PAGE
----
Leaving it lying on the ground does nothing for the concrete, so if you are going to learn How to Concrete, please, don’t get into this bad habit.
Although this will be done a bit later on during the process, You will need to pre-determine where these joints will be placed, I prefer to cut the steel for these joints, creating a break in the reinforcing, some concreters will not cut but have the area covered completely with the reinforcing,
But for me the joint is to allow the concrete to expand and contract in different weather conditions so I break up the continual steel bond by cutting the steel 50mm (2”) either side of the joint.
I will place a marker where these gaps are like a different peg or something so when the concrete is in I can then do this work.
For other popular methods see the Expansion Joint section on the Concrete Slab page.
READY TO START POURING THE CONCRETE.
This is when the action starts, NOW BE WARNED, you will not have time to stop work until the concrete is in and prepped, this is where the size of your concrete slab will determine how hard and how long you are going to work before you can sit down for a break. Don’t worry though you may have to have a long break once this is done, waiting for the finishing stage.
Your main job at first is to get the concrete spread along your first edge, If you are up against the house then this would be the first edge. Then down the two sides and leaving the last edge to finish at, sort of like painting a floor in a room.
PLACING IN THE CONCRETE.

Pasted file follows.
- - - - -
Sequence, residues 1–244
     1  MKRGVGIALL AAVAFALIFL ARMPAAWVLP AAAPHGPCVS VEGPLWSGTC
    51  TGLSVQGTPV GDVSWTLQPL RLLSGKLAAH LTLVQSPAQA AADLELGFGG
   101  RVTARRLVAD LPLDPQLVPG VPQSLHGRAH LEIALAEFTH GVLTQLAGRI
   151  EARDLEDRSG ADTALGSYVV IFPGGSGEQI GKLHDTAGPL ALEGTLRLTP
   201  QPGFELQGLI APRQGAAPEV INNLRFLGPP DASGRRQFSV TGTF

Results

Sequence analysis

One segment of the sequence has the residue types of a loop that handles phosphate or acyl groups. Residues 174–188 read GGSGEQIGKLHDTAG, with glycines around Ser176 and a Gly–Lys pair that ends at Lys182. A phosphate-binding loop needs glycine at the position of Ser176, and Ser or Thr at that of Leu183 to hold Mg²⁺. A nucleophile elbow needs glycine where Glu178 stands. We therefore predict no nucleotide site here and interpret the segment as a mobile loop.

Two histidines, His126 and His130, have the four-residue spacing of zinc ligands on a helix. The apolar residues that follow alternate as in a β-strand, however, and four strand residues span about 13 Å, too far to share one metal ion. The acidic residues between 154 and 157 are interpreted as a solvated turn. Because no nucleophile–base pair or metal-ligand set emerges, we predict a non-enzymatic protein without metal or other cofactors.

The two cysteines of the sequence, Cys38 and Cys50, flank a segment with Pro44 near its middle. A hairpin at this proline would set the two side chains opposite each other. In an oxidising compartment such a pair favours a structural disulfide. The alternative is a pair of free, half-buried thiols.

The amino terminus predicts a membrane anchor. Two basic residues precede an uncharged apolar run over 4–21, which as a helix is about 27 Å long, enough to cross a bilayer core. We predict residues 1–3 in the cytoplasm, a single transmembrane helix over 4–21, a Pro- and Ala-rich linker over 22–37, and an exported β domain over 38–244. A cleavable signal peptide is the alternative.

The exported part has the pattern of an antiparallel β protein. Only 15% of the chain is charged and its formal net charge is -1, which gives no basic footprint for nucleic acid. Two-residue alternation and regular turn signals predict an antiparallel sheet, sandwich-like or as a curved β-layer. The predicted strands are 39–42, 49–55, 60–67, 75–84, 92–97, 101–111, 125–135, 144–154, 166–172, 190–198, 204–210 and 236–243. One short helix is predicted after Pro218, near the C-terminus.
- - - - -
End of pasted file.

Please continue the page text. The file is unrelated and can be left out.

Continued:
Then you can start filling in the middle, ideally you just need enough concrete placed in there to be just above the finished height. That way you will not have too much to keep moving back when you start the screeding. This can be done in stages, edges, middle, edges middle and so on. Tap the formwork boards when the concrete is against them to work the edges.
START THE SCREEDING.
You don’t want to get too far ahead with just placing the concrete in before you will need to start screeding, it will just make this process too difficult. So try and have someone help if the job is of reasonable size so they can continue placing in the concrete and you can start screeding and floating.
If you don’t have a Bull Float then you can work with the steel float and the screed consecutively, first you will screed a portion and then just lightly run the float over it VERY LIGHTLY, this will further aid you in bringing up the slurry.
The screeds have a LEAD edge and a TRAIL edge to them, the lead edge which is the sharper one is the edge that is closer to you, this edge will cut easier into the concrete allowing you to obtain the correct level.